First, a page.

The State Game Commission on Friday approved the transfer of five Mexican gray wolves from Washington state to Ted Turner’s Ladder Ranch in Southern New Mexico, an action that activists say represents a shift in the commission’s policy and may lead to the release of more of the endangered wolves in the state.
The Ladder Ranch wolves, however, will be released to the wild in Mexico.
The seven-member State Game Commission’s unanimous decision comes just over a month after it denied a request from the ranch — also unanimously — to renew a permit to import and house Mexican gray wolves and prepare them for release in the wild, which the ranch had been doing for the past 17 years.
The ranch had suspended its wolf program for 14 months, giving the commission and the U.S. Fish and Wildlife Service time to debate the future of the federal Mexican gray wolf reintroduction program. In its opposition to more wolf releases, the commission cited an out-of-date federal management plan and a lack of new science to back the program.
When the Ladder Ranch permit renewal was denied in January, however, state game commissioners said they were “not against wolves. We want to manage them.”
Mike Phillips, executive director of the Turner Endangered Species Fund, said he took the commission at its word and immediately filed an amended request to import wolves.
“The commissioners indicated they saw a way forward. We acted on that hope, and the director said, ‘Yes,’ ” Phillips said Friday.
Commissioners did not respond to requests for comment Friday.
The Ladder Ranch was permitted to bring in the first Mexican wolf earlier this month. Phillips expects to see the additional wolves arrive from Washington by the end of next week.
The wolves eventually will be taken to the Rancho la Mesa refuge in Mexico, before being released in the Mexican wild.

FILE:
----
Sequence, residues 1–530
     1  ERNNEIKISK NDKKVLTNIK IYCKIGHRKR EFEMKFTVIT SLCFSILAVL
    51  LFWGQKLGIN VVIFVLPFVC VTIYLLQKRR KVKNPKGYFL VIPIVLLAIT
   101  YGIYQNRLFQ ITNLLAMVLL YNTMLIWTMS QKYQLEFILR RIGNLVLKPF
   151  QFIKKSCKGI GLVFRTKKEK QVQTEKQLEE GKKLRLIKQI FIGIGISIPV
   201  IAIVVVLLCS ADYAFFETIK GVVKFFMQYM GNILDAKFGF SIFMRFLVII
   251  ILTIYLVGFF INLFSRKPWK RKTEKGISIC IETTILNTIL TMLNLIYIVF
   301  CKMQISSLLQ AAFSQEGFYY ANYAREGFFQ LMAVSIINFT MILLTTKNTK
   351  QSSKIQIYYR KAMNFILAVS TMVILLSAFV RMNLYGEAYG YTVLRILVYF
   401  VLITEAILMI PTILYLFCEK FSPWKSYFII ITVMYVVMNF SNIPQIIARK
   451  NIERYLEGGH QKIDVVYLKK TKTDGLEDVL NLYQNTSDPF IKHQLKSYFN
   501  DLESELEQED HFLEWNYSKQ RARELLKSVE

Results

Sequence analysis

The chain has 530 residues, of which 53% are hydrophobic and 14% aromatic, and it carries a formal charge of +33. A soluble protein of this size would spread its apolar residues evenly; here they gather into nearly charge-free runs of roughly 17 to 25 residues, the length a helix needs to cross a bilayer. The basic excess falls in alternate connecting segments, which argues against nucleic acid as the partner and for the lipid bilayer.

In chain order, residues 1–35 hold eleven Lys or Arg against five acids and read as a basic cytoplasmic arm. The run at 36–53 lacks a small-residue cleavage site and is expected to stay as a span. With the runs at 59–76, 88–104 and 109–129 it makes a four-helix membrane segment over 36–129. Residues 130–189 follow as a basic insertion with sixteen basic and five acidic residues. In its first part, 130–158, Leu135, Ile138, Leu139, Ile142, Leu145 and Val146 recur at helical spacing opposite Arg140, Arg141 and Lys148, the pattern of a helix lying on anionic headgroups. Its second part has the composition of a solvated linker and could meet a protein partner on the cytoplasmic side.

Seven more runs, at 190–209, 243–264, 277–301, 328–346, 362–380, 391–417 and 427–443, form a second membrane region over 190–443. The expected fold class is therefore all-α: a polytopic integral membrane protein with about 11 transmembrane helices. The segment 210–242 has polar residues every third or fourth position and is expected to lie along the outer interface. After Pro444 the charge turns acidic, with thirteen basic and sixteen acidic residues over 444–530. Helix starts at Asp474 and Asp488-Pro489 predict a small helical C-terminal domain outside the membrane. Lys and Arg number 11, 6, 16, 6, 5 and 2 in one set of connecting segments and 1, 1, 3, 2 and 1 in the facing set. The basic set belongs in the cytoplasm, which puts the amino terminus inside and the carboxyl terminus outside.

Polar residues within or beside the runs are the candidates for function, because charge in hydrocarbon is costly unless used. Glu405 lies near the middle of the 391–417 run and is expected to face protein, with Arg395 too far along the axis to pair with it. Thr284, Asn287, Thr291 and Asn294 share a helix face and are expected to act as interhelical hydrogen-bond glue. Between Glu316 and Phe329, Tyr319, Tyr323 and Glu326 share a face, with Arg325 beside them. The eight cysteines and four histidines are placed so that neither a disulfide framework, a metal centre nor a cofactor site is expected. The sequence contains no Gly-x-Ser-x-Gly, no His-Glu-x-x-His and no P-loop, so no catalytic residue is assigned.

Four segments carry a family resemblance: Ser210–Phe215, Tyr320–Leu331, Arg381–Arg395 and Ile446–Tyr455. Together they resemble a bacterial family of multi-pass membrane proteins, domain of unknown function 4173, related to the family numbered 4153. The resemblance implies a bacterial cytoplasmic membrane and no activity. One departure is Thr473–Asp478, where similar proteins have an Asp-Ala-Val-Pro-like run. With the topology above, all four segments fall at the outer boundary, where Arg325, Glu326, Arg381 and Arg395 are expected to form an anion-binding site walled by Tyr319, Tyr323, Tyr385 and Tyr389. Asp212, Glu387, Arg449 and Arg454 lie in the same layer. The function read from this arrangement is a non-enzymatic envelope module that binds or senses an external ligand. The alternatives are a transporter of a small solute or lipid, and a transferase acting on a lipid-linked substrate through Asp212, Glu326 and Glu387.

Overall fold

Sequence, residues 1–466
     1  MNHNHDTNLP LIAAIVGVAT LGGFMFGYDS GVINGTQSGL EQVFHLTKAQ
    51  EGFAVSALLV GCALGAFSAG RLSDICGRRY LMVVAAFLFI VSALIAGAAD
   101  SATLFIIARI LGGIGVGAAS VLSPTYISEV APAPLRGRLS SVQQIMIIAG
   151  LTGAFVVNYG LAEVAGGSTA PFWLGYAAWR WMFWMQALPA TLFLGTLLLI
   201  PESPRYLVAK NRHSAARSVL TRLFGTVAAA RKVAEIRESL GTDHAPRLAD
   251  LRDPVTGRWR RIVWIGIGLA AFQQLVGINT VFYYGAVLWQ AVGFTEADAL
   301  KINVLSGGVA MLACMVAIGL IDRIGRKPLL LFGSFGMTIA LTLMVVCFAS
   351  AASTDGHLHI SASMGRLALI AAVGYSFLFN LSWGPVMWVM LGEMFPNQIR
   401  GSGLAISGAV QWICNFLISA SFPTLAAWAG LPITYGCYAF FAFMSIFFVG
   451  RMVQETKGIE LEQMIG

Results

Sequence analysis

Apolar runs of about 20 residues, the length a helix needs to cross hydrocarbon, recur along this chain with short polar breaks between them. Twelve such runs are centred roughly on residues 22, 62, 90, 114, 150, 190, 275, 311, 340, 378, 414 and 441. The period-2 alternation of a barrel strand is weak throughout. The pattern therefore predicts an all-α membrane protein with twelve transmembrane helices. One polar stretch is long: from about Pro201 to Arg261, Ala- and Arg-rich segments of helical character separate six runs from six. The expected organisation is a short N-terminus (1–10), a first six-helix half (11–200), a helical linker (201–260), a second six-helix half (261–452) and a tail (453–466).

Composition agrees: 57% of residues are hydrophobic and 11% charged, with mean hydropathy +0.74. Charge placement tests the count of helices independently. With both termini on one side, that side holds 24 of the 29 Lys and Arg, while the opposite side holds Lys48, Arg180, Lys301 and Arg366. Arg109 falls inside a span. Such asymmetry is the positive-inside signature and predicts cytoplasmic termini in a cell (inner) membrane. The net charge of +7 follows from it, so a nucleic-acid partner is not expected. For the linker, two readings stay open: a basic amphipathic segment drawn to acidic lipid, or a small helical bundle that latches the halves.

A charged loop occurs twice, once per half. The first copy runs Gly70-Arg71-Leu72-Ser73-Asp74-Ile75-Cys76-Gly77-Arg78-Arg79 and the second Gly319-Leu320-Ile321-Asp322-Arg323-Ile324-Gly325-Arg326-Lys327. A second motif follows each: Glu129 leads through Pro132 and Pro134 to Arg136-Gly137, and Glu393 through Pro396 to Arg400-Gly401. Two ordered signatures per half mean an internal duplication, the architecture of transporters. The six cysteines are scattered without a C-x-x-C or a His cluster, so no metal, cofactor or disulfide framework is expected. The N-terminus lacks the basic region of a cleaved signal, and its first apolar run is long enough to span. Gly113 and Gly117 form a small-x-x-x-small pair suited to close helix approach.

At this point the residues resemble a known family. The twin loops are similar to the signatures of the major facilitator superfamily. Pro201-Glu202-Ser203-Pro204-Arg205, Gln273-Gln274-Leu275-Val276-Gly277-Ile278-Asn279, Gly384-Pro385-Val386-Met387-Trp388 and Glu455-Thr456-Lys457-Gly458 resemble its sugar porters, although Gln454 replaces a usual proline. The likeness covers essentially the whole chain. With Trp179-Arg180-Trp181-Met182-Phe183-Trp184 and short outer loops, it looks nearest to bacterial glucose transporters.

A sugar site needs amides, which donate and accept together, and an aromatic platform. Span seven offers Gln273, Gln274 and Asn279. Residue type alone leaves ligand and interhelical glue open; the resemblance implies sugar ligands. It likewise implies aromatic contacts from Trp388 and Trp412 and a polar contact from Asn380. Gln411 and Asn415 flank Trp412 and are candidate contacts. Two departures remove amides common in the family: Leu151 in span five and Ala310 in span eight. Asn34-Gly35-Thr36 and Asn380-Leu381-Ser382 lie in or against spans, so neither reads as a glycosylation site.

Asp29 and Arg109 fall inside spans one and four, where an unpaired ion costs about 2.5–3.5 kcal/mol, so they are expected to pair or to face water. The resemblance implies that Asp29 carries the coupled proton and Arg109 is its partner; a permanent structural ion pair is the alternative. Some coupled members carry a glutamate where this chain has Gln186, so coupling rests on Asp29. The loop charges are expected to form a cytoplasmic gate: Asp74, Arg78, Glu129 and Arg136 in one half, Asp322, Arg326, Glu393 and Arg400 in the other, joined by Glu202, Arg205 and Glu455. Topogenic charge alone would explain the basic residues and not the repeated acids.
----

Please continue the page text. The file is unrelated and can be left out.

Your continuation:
Phillips said the plan to release the wolves in Mexico — rather than in New Mexico or Arizona, where ranchers have raised objections — might have helped sway the commission.
“It’s the beginning of us moving back to where we were,” Phillips said of the ranch’s role in the wolf reintroduction effort. “We were a very useful facility.”
Michael Dax, an outreach coordinator with Defenders of Wildlife, said his group was supportive of the permit agreement between the commission and the ranch. But he objected to the decision to push the relocation of the wolves to Mexico. He said Mexico has too few public lands and too few prey animals to make this a viable option for rebuilding the Mexican wolf population.
The recovery of Mexican gray wolves in the wild has become more urgent in recent years due to a population decline between 2014 and 2015. The U.S. Fish and Wildlife Service announced last week that the number of Mexican wolves in Arizona and New Mexico had dropped to 97 from 110, with 13 deaths and just 23 surviving pups.
The agency has said it intends to release more gray wolves in New Mexico, despite objections by the state Game and Fish Department.
“If the Fish and Wildlife Service had always needed state approval to let wolves go, I’d still be waiting on a dock in North Carolina to let the red wolves go,” said Phillips, who released the first red wolves into the wild through a federal program in 1987.
He said the State Game Commission has “made some decisions that I thought were a bit curious. But that is history, that is water under the bridge.”
Contact Rebecca Moss at 505-986-3011 or firstname.lastname@example.org.